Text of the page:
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Review: The Lone Bellow ‘Walk Into a Storm’ on third album

On the back of two soul-spun albums, Americana outfit The Lone Bellow had little left to prove. Their legacies forged on songs like “Bleeding Out,” “Green Eyes and a Heart of Gold” and the titular cut from 2015’s Then Came the Morning, the trio ⎯⎯ made up of instrumentalists and vocalists Zach Williams, Kanene Donehey Pipkin and Brian Elmquist, who wield gospel-contorted harmonies only ever matched by their playful melodies ⎯⎯ weave an even more personal, intricate and harrowing set. Walk Into a Storm is toasted along the edges with their built-in gutsiness and seems to rise up in delicate tragedy from a foundation they’ve so masterfully plotted. Such moments as “Deeper in the Water,” a superb, back-breaking opener worthy of Patty Griffin, “May You Be Well” and “Feather” feel like retreads: but their smart vocal work, overlaid onto aching production choices (thanks to industry hit-man Dave Cobb), is just as heart-breaking as on their first rodeo.

“She said you smell like cigarettes / Just like the one I left / You never comb your hair / I always make your bed,” the group paint in earnest simplicity on “Come Break My Heart Again,” buzzed strings and piano tossing out crushing blows. Then, when the players strip things further back, as they do painstakingly on the title track, the sparseness strikes much deeper. “I recall those days we felt like giving up on each other / Days I feel you’re mine / We’re nothing but trouble, and nights that I can’t mention,” a verse flutters up, prayer-like. The passage of time taunts them along their way, and the pursuit for freedom tightens their vocal prowess, which has grown at an alarming rate in two years. The restlessness pushes and pulls the needle, threading each chapter together with unwavering sadness. The album ebbs and flows in this imbalance, sending them wandering aimless, it seems, but then boils over on “Time’s Always Leaving,” a pointed fable about witnessing time’s abandonment. “Time’s always leaving, never takes off her coat / Packing her bags, never leaving a note / Seems I’m always believing she’ll stay for the night,” they sketch, depicting time as a looming, physical presence just out of their reach and drawing parallels to a scorned lover.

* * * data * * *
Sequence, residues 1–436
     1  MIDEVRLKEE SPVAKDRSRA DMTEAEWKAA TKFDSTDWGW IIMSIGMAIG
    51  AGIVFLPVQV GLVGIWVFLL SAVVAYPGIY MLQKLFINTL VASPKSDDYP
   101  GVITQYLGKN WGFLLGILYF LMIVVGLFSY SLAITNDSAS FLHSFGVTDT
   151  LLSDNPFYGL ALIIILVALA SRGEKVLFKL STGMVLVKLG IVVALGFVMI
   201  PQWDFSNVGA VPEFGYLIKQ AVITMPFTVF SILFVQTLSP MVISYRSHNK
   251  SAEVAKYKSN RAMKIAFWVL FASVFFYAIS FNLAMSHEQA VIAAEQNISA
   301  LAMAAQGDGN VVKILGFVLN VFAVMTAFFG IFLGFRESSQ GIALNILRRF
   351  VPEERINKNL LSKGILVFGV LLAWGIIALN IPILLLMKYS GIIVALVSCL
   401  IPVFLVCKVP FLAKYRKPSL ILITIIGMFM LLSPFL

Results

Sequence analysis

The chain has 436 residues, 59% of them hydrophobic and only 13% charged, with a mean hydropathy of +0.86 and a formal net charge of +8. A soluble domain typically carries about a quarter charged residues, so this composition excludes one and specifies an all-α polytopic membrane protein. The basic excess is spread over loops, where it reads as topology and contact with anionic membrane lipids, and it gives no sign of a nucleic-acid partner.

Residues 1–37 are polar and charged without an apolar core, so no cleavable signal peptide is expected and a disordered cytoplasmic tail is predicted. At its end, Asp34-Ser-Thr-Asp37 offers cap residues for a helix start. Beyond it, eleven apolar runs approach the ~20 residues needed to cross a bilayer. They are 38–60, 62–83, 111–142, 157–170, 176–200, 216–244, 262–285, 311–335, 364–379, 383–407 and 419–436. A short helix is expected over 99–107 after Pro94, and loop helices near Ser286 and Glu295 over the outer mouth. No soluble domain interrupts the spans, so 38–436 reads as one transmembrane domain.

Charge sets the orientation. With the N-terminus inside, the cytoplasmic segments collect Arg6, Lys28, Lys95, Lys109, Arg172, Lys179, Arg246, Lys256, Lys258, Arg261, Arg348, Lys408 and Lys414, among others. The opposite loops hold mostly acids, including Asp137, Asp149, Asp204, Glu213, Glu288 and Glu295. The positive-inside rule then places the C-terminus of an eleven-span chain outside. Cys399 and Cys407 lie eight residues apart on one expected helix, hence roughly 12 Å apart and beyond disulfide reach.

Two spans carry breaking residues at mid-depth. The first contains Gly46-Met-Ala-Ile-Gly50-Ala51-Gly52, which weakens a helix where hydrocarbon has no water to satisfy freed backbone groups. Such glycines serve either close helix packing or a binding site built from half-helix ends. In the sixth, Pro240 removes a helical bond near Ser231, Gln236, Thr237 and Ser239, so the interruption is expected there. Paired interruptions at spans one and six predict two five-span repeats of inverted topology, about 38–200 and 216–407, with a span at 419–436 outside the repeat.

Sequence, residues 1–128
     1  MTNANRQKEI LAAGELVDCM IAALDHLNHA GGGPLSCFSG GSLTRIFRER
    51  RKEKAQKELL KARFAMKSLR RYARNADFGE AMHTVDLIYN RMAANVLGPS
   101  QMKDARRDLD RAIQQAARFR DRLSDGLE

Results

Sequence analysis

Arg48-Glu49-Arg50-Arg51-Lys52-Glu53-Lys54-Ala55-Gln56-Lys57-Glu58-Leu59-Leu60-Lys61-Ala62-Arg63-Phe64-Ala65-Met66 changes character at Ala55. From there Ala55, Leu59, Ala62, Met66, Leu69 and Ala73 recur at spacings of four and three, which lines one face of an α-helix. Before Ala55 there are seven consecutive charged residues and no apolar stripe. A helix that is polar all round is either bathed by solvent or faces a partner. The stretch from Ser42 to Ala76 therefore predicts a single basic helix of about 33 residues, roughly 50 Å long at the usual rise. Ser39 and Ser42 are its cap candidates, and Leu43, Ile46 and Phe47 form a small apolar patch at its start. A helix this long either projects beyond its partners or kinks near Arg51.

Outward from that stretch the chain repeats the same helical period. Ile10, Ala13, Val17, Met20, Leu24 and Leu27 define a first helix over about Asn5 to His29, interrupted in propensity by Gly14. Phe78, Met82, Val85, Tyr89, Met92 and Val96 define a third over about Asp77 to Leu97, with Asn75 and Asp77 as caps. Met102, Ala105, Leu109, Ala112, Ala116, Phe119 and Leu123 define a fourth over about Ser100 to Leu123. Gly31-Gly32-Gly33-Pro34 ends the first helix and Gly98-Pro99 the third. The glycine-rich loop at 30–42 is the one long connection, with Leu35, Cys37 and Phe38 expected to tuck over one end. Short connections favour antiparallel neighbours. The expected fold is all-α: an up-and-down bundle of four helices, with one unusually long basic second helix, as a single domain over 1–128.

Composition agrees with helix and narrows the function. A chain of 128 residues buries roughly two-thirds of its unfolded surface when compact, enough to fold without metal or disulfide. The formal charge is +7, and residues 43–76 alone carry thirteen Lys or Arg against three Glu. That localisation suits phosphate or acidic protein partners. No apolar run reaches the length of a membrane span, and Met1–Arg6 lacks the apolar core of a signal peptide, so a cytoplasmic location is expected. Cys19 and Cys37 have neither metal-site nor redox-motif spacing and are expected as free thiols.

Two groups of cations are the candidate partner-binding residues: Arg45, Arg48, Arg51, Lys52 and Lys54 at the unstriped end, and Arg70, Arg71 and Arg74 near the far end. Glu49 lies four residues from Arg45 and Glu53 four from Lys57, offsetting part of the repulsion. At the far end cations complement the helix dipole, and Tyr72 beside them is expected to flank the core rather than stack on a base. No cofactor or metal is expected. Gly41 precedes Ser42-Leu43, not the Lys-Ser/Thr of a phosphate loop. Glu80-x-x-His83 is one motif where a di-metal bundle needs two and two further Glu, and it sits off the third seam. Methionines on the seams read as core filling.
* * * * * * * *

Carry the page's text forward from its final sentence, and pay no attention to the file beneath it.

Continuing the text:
Elmquist, Pipkin and Williams are forthright about the pain burning a hole in their chests. “Is It Ever Going to Be Easy,” “Can’t Be Happy for Long” and “Long Way to Go” also serve as centerpieces to their story: one about suffering, failure and repentance. They don’t have the answers; nor do they know where to find them, exactly. All they can surmise is their destiny has yet to be written and is left up to happenstance. “You don’t need the hurt to make something you love / To tell you what you’re worth,” the trio report on “Between the Lines,” and later, on “Long Way to Go,” they spin darkness into light, asserting, “No shadow will remain / No darkness can contain.” The Lone Bellow have weathered the storm, quite literally, and they pass these ripened testimonials comfortingly onto the listener. “You’ve seen better days / You’re not that man in a frame, young and proud and standing tall / It’s a great big world we’ve been living / Ain’t so small what we’ve been given, friend,” they nudge in the album’s final moments.

The storm is coming, and we are more than ready.

Grade: 3.5 out of 5

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Jason Scott

Editor-in-Chief of the Badlands, spinning those B-Sides. Love Parks & Rec. Addicted to high-priced coffee drinks, alt-country and synth-pop, and never know when to quit. Got a cat named Jake--and she doesn't like you very much.